Saturday, September 30, 2023

Forty Years of Personal Computing - Wyse-85 Terminal

By the summer of 1985, my original CT-64 terminal felt limited. Sixteen rows of 64 characters didn't seem like enough. Especially when at work I regularly used screens with at least 25 rows of 80 characters. In 1977, terminals with such capabilities were around $1000 -- way beyond my modest budget. By 1985, much more capable terminals were available for about half that price. It was time to upgrade.

August of 1985, I purchased a Wyse-85 terminal for about $700 -- a good price for the time. The terminal offed a DEC VT-220, VT-100 and VT-52 emulator, so it was plenty capable. It sported 24 or 25 rows of 80 or 132 columns on the screen. I purchased the green phosphor screen.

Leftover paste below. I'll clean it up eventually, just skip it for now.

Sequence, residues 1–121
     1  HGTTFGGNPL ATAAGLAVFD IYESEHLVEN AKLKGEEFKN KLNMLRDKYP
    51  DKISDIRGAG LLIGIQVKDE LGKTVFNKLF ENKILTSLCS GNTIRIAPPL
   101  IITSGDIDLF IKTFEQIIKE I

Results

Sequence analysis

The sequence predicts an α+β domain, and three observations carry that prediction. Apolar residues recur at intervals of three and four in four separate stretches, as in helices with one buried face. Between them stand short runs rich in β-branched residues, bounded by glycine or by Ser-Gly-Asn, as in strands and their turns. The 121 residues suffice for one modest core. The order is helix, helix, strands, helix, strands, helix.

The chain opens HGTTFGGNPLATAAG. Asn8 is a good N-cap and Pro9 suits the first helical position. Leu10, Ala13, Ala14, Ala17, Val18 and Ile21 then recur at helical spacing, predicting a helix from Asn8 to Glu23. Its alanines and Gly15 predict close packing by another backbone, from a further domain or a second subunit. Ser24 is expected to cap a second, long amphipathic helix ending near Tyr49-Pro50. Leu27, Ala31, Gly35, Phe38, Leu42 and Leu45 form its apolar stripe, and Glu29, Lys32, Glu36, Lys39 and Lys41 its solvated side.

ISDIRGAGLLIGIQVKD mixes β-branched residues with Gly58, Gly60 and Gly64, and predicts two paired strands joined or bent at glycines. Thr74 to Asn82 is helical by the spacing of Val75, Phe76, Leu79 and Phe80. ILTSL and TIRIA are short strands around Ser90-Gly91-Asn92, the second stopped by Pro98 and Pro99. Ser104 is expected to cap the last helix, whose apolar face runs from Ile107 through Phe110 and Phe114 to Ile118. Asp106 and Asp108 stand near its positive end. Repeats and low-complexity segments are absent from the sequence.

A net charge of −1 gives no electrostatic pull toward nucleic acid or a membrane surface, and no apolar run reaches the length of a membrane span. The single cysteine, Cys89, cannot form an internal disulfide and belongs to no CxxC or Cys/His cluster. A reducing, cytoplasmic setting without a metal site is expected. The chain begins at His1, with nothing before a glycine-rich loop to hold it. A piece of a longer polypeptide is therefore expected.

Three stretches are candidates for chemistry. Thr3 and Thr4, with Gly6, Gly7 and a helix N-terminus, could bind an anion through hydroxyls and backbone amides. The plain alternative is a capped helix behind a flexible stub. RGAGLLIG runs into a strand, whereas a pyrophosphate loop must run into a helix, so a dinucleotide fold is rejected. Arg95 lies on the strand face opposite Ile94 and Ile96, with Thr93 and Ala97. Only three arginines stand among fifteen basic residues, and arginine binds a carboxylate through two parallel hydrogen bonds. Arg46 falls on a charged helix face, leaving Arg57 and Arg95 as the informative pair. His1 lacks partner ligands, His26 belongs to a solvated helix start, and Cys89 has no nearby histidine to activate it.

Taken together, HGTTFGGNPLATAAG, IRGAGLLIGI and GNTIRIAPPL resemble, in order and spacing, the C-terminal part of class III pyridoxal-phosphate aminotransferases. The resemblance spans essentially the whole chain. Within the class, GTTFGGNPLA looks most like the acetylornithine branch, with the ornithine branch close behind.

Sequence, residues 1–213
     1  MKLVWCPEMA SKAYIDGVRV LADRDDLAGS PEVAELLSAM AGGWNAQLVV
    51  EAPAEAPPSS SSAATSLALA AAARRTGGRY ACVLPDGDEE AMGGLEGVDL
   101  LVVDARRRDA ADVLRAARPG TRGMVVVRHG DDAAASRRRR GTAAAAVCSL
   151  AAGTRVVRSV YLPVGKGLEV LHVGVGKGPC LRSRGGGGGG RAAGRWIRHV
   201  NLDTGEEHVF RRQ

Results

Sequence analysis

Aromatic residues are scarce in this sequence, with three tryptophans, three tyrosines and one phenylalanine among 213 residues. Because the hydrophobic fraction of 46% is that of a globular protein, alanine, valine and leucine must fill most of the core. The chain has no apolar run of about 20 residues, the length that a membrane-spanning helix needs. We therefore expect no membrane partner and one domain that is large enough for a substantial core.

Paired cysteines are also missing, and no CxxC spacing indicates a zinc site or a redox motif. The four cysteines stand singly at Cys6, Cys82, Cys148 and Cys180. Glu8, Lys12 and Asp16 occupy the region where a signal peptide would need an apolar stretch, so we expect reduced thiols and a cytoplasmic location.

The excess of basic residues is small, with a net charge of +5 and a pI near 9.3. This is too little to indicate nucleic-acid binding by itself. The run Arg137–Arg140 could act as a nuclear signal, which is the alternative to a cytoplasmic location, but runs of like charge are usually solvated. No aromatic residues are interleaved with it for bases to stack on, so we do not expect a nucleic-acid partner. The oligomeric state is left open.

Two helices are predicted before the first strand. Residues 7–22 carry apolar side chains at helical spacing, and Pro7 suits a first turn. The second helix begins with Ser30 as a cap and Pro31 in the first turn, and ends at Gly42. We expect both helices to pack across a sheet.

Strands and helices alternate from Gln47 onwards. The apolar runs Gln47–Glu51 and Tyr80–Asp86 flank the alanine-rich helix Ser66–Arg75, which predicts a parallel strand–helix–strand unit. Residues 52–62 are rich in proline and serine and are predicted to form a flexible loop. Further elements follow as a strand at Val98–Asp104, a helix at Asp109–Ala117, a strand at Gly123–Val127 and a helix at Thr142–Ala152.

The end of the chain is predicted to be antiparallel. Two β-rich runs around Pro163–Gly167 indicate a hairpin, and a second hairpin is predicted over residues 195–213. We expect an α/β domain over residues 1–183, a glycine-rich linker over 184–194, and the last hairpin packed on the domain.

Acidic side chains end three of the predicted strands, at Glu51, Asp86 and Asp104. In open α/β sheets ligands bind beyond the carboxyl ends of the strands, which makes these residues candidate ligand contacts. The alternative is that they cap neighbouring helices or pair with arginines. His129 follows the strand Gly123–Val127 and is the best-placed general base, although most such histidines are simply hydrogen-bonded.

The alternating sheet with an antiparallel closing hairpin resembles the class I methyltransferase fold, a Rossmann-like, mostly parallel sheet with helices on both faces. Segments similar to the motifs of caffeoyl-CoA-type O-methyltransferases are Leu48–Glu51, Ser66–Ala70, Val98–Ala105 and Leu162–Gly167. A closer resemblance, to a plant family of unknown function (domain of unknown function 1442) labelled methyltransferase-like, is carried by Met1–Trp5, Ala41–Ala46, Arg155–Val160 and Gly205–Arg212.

The most important thing, however, about the Wyse-85 compared to the CT-64 was speed. The CT-64 was limited to a paltry 1200 bps. The Wyse-85 had a top speed of 38400 bps. Thirty-two times faster. The CT-64 would take more than eight seconds to write every character on the 16 x 64 screen. The Wyse-85 could write an entire 25 x 132 screen in less than a second. 

The Wyse-85 was such a joy to use compared to the CT-64, I couldn't believe I hadn't done this sooner. 

I did have trouble with this terminal when I tried to use it in the shack back in the late 1980s. The keyboard scan generated a fair amount of RFI. Putting several ferrite toroids on the keyboard cable helped a little, but did not eliminate the problem. 

I still have this terminal. It's been stored in the original box since November of 1994. I hope it still works.

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